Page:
Flute of sparkling wine on a deck above a Sonoma County vineyard

3 Favorite Pét-Nat Sparklers from Sonoma County

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Yearning for a new sparkler? “Pét-nat” or pétillant naturel wines are light, playful sparklers generally produced via a single fermentation in the bottle. “It is a freshly fermented wine, bottled with still-active yeast present, giving the wine its natural sparkle,” says La Prenda Wines winemaker Mike Cox. Cox explains that traditional sparkling wines age for 12 to 24 months, which is great for the complexity of the wine, but means it can lose a bit of that snappy, fresh feel. Pét-nats have that crisp character in spades.

Pét-nat styles also bring out fruity, aromatic flavors, so winemakers often like to experiment with grapes other than traditional Pinot Noir and Chardonnay. Cindy Cosco, owner and winemaker of Passaggio Wines, made her 2019 pét-nat with Grenache Blanc. “These varieties have high acid, nice flavors, perfect for a sparkling base,” she says.

Because each bottle undergoes its own separate fermentation process, each bottle of pét-nat is unique, explains Cosco. And pét-nats often have an extra-big rush of bubbles upon opening. “I tell people who buy a bottle, stand back when you’re opening it. That thing — it can gush out pretty quickly,” she says.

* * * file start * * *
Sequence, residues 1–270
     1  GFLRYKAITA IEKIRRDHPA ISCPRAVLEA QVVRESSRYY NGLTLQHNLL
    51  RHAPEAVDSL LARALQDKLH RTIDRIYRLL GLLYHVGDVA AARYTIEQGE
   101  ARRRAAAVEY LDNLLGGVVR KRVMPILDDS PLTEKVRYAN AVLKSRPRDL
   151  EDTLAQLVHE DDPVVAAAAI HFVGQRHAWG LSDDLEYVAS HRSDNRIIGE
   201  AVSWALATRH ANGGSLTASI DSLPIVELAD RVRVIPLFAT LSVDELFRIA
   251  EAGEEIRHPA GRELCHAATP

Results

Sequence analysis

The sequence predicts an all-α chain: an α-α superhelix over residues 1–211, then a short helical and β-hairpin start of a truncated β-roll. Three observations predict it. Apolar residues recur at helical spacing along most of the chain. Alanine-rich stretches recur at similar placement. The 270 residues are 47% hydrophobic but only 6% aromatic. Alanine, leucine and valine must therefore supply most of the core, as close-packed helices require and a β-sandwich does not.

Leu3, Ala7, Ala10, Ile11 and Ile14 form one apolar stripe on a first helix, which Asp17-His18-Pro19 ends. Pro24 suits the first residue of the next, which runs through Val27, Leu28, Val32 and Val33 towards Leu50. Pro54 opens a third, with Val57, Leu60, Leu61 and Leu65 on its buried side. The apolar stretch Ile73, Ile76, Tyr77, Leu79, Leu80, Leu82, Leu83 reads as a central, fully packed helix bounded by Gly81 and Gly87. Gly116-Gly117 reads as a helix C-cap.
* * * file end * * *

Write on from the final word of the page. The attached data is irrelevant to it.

Flute of sparkling wine on a pink and chartreuse background
Courtesy of Shutterstock 

Though this method of winemaking dates back to the early days of French wine production, there are no set rules about how exactly the wine style is produced. That’s lucky for Two Shepherds owner and winemaker William Allen. In the fall of 2020, he had to take a different route to create his popular canned pét-nat, Natty Pets. “We were planning to pick our Picpoul, had lined up a canning date — and then the firestorms happened. We had to do about half our harvesting in two days. There was no way we could stop and do the canning.”

To save the harvest, Allen froze the juice. Once things settled, he defrosted it, fermented it, then did a forced carbonation before canning the wine. “Our biggest driver is a consistent positive wine experience,” he says. “A lot of people think that this is the best of our three sparkling wines.”

Three to try

Passaggio Wines 2019 Grenache Blanc Pétillant Naturel

Aromatic with notes of white blossom, citrus and stone fruits, the palate is quite dry. “It’s almost like a very light, aromatic beer,” says winemaker Cindy Cosco. “I really like the bubbles on this.” Cosco says it’s great with brunch or a simple cheese platter, enjoyed with friends.

$30, 707-548-5366, passaggiowines.com

Two Shepherds Wine 2020 Natty Pets

Natty Pets canned pét-nat sparkler from Two Shepherds Winery in Windsor—Courtesy of Two Shepherds
Natty Pets canned pét-nat sparkler from Two Shepherds Winery in Windsor

Made from 100% Picpoul. “What better grape to use for sparkling wine than something called ‘the lipstinger?’” says winemaker William Allen. His canned pet-nat is bright, fresh, and dry, with just a touch of texture from 12 days of skin contact. Allen enjoys it as an aperitif, but also recommends it with sushi, ceviche, and empanadas. 

$11 per 375-ml can, 415-613-5731, twoshepherds.com

La Prenda Wines 2020 Carneros Pétillant-Naturel “Cadillac”

A blend of Pinot Noir and Chardonnay, winemaker Mike Cox describes this sparkler as fresh and fruity with lots of crushed strawberry and floral aromas. “It’s crisp — but not tart,” he says. Cox loves it with charcuterie from Salumeria Ovello on West Napa Street in downtown Sonoma.

$28, 707-938-7228, laprendawine.com